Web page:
The claimant filed a claim for benefits under the Longshore Act in July 2010, at which time pulmonary function testing showed essentially the same results as in the March 2010 test.

According to the general principles in occupational disease cases, under Cardillo, the responsible employer is the employer during whose employment the claimant was exposed to injurious stimuli prior to the date that the claimant became aware that he was suffering from an occupational disease arising from employment.  All that is required to assign liability is exposure.  An aggravation of an existing impairment is not necessary in occupational disease cases.  According to the well-entrenched general principles, it would appear that Thoma-Sea was the last responsible employer.  The claimant worked there for two months in the same position he had held at Bollinger.

In this case, the claimant complicated the usual straightforward analysis by going back to work for another employer after he became aware that he was suffering from a work related occupational disease (based on the March 22, 2010, diagnosis).

So who is the responsible employer in this case?  The Administrative Law Judge and the Benefits Review Board found that Bollinger was liable, even though it was not the last employer to expose the claimant to injurious stimuli.  The Fifth Circuit has affirmed this result.

In my opinion, the analysis and reasoning in this case raise questions.  In the Fifth Circuit, where this claim arose, the approach in occupational disease cases is typified in the case of Avondale Industries, Inc. v. Director, Office of Workers’ Compensation Programs, U.S. Department of Labor, 977 R.2nd 186 (5th Cir. 1992).  An employer can rebut the presumption of causation by showing that the employee was exposed to the same working conditions at a subsequent covered employer, regardless of the brevity of the exposure, with no de minimus requirement.  Any exposure with the potential to cause disease is considered injurious and assigns liability.

In our present case (Worthey), the “substantial evidence” relied upon by the ALJ for assignment of liability against Bolllinger, and approvingly cited by the Fifth Circuit, had to do mostly with the fact that there was no aggravation of the claimant’s lung condition during his employment with Thoma-Sea.  The ALJ found it significant that the July 2010 testing showed essentially the same results as the March 2010 testing.  The ALJ cited testimony that the claimant’s time with Thoma-Sea did not “aggravate” his pulmonary condition, and he even made a specific finding that the claimant’s employment at Thoma-Sea did not “contribute” to the claimant’s disability.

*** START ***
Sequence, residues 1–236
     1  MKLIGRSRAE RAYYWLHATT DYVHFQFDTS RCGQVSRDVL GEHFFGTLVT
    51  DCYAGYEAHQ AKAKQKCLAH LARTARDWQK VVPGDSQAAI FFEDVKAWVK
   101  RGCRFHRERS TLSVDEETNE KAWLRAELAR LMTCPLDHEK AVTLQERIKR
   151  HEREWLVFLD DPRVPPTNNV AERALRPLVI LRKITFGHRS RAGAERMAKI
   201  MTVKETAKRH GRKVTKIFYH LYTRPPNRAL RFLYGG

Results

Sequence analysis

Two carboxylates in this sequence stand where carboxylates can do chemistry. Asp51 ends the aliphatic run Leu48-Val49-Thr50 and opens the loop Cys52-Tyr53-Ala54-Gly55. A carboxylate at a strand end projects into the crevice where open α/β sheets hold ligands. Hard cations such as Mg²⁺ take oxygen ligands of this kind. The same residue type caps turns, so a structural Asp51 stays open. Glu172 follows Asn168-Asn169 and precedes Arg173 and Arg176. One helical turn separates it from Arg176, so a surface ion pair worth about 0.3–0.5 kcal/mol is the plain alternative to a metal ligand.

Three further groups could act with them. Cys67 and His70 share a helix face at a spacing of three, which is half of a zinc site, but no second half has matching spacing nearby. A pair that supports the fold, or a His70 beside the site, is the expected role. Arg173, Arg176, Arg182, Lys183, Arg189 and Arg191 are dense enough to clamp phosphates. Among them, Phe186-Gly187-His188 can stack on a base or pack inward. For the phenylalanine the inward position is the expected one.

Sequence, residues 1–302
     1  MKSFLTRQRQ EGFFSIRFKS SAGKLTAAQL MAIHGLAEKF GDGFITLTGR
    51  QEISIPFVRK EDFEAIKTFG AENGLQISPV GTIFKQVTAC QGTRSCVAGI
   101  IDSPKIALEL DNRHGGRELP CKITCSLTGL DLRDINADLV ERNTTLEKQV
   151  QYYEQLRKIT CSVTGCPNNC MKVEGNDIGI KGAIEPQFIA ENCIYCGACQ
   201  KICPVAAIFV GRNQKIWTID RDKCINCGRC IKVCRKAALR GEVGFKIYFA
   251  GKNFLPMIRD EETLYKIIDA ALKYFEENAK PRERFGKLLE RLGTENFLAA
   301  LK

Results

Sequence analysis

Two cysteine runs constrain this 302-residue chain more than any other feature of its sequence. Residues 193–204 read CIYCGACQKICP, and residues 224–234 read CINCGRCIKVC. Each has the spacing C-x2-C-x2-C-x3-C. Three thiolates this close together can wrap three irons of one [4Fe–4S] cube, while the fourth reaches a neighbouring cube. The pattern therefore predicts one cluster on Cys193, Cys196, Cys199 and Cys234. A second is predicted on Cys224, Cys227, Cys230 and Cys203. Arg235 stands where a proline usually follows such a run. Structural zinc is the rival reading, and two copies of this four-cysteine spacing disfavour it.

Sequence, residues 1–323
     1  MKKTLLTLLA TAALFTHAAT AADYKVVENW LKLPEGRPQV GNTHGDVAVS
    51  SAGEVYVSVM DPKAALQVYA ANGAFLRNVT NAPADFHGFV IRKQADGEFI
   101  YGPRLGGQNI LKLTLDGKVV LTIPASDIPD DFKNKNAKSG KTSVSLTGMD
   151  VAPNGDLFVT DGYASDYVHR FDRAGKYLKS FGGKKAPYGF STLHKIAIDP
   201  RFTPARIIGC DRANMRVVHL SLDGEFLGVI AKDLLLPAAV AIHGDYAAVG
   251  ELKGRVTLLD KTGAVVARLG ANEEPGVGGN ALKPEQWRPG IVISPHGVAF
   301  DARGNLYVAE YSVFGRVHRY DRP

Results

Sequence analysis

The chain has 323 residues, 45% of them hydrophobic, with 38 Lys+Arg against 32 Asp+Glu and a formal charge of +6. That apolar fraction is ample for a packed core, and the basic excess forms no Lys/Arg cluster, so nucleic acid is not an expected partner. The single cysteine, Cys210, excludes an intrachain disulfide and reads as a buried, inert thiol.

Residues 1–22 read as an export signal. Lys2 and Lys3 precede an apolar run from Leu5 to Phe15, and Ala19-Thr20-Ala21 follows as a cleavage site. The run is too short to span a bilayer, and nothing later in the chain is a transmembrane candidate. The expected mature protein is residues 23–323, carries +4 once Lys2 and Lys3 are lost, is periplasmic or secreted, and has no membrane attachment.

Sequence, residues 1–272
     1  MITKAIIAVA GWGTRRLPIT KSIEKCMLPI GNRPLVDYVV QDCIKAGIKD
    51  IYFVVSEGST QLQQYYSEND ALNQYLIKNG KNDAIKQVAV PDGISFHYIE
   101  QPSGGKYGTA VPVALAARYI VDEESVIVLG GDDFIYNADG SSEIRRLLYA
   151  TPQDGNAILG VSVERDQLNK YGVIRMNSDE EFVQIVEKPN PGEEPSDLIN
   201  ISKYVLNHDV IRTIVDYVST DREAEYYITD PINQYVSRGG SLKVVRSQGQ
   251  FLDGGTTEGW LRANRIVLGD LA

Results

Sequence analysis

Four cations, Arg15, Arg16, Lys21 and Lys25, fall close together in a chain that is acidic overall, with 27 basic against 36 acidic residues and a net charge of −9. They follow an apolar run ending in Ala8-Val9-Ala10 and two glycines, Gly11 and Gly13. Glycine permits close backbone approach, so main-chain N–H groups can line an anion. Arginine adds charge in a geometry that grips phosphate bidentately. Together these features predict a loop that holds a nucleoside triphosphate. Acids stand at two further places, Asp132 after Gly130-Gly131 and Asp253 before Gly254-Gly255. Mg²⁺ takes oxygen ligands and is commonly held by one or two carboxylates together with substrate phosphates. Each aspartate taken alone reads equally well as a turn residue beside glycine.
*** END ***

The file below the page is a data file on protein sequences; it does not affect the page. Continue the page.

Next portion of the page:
As we’ve seen, there is no need to show an aggravation or contribution to assign liability in occupational disease cases.  Any injurious exposure is enough to assign liability.

Also, under Cardillo the date of injury in an occupational disease case is the date of the claimant’s awareness.  In this case, the ALJ found that this occurred with the March 22, 2010 testing and diagnosis. But the claimant went back to work doing the same type of job, so arguably he wasn’t “disabled” until he left work at Thoma-Sea in May 2010.

What if the date of “awareness” and the date of “disability” are different?  That issue was avoided in this case, because the ALJ found (and the finding was affirmed) that the date of awareness and the date of disability were the same – March 22, 2010 –disregarding the fact that the claimant returned to work after that date doing the same job where he experienced exposure to injurious stimuli.

There are questions.  The ALJ found that awareness and disability both occurred at the same time – March 22, 2010 – based on a pulmonary function test, yet the ALJ awarded disability benefits to commence on May 10, 2010. 

The ALJ found that there was no “aggravation” – that is, no new claim, against Thoma- Sea even though the claimant testified that his exposure at Thoma Sea was the “worst”, and that he would cough up “black stuff” every night while working at Thoma-Sea.  Yet, the ALJ made no finding that the claimant was not credible.

By focusing on the date of “awareness” and forcing the conclusion to fit the Cardillo principles, the opportunity was missed to determine what the outcome should be when “awareness” and “disability” do not occur at the same time. 

This is an unusual case, but it does illustrate the type of complication that can arise in assigning liability in occupational disease cases.